During three years (2003 – 2005) carrot varieties Bolero and Maestro (Villmorin) were cultivated to study the influence of cultivation systems and harvest time on yield, carrot size and the incidence of carrot-rots after six months storage at 1°C and 92% RH. In all three years similar tendencies were observed with respect to yield and storability. Depending on the harvest time, first after 95 days, (mid-September), the losses by root disease after storage (Sclerotinia, Alternaria and or Botrytis) where highest. As later the harvest time, mid-October (125 days) or mid-November (155 days), as lower the losses after six months storage. The incidence of disease during storage varied from year to year, depending on fungal infections and root damage at harvest, as the results from 2004 show. In addition, there were indications that soil temperature and the dry substance of the harvested carrots have an influence on the occurrence of root disease. With prolonged growing period, at a sowing density of 100 seed per meter (approximately 60 carrots per meter) the number of oversized carrot roots increase. Following the results obtained in the three successive years, it is concluded that carrots should not be harvested before mid-October, when sown in June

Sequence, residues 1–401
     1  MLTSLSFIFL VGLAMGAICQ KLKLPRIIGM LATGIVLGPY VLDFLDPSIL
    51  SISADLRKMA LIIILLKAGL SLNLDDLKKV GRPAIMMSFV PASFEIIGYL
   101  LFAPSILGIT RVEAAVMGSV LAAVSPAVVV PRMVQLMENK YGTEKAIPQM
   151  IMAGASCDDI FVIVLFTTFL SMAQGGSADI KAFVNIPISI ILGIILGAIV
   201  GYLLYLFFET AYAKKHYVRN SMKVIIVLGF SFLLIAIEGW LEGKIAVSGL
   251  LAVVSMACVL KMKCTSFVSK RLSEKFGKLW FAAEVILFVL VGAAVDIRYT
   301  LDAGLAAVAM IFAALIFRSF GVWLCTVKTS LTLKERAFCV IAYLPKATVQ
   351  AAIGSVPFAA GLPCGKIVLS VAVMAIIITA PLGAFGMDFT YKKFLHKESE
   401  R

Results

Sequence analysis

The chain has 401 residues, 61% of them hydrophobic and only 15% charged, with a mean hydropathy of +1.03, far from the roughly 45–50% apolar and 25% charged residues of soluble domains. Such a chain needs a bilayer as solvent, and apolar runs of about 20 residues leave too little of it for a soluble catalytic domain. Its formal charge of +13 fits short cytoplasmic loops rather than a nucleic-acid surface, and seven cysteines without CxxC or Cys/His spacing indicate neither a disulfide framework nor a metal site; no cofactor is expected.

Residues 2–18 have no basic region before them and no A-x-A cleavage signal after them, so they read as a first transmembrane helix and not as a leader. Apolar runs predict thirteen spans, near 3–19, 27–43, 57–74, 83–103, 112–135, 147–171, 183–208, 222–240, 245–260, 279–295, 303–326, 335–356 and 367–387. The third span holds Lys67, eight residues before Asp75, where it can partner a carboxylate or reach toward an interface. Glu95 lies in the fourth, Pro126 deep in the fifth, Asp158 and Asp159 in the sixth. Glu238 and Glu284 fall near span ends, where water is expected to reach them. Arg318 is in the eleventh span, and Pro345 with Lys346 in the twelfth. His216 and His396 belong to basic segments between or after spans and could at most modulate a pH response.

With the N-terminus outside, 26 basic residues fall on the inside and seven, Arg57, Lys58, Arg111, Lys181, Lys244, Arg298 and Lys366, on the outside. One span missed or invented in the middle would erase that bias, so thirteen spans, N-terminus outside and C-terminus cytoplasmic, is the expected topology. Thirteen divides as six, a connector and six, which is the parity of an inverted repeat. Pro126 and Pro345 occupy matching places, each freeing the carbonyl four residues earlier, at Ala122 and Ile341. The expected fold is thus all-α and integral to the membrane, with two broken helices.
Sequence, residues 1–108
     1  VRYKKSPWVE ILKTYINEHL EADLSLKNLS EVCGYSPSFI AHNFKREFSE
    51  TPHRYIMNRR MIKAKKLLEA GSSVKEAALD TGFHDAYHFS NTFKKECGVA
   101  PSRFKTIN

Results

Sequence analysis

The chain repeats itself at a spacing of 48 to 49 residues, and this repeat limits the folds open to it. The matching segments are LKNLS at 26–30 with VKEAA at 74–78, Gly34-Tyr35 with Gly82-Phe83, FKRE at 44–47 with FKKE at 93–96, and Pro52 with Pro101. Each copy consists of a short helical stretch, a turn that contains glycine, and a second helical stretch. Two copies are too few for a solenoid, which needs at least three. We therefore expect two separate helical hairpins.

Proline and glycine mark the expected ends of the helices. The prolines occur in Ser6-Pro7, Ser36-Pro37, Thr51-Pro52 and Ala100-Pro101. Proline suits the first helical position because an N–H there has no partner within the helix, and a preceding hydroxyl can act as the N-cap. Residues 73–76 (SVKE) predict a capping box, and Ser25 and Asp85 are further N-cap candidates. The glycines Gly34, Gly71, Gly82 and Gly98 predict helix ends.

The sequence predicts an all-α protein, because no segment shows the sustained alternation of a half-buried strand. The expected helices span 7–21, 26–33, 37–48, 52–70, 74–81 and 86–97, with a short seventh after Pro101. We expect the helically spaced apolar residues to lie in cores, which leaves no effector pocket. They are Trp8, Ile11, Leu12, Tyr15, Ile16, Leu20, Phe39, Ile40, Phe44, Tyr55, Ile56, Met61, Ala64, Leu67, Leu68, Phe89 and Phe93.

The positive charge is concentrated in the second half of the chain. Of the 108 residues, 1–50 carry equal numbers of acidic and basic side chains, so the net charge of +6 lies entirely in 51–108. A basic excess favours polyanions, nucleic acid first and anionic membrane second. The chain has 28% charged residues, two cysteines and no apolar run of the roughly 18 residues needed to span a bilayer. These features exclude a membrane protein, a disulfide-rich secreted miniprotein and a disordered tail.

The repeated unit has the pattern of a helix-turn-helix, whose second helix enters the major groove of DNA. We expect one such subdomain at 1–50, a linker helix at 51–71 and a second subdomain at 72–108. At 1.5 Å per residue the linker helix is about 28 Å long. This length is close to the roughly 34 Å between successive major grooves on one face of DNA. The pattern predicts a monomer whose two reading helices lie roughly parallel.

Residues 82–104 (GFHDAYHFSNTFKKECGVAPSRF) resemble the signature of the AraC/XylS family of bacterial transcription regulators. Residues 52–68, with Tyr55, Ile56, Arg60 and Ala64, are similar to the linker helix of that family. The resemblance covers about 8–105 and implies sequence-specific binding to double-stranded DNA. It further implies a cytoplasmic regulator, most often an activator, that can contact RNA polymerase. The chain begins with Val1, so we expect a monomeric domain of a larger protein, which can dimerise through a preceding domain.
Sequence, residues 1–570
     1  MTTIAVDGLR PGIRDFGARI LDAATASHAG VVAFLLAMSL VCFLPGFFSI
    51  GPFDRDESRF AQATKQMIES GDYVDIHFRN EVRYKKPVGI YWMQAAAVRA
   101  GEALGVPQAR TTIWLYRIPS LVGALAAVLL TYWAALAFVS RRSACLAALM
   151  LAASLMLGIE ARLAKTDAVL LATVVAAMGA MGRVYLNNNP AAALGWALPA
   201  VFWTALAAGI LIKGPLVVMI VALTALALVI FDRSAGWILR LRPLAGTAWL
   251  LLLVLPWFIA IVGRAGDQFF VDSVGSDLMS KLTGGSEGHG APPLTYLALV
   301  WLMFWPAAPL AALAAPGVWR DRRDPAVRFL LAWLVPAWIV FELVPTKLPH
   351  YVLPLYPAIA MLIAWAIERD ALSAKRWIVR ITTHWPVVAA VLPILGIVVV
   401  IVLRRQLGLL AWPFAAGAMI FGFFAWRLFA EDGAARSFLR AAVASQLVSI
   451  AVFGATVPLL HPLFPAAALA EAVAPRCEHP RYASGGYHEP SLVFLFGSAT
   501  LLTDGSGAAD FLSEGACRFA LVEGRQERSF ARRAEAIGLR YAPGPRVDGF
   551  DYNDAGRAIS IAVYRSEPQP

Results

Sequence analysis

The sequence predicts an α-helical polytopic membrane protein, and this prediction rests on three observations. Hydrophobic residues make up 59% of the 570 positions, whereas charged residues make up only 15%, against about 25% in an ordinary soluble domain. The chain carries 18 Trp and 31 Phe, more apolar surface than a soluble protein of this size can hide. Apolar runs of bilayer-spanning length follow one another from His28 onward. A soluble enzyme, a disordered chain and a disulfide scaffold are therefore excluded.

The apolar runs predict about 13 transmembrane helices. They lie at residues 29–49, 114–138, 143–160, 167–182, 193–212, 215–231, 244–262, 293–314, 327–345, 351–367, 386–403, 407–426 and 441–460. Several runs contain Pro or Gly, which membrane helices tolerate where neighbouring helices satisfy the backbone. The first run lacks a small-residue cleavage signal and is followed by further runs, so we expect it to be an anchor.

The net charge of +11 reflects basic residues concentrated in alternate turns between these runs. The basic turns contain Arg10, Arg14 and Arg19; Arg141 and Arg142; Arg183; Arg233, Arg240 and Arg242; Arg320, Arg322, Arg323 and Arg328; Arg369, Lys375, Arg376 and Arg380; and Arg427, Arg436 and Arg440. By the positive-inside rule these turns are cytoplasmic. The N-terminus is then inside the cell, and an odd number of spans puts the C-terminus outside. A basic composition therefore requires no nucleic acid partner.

Herbicide-resistant weeds are a growing problem throughout the world. Monitoring herbicide resistance in Switzerland allows us to understand the mechanisms behind it and to better manage the use of herbicides.
Agroscope compared crop protection strategies in apple production. Reducing the use of plant-protection products lowered the local ecotoxological risks, but resulted in trade-offs between environmental and economic performance.
Bacillus thuringiensis (Bt) bacterium proteins protect Bt maize from being fed on by specific insects. A new, systematic analysis of international field data confirms that non-target organisms in Bt maize are largely spared.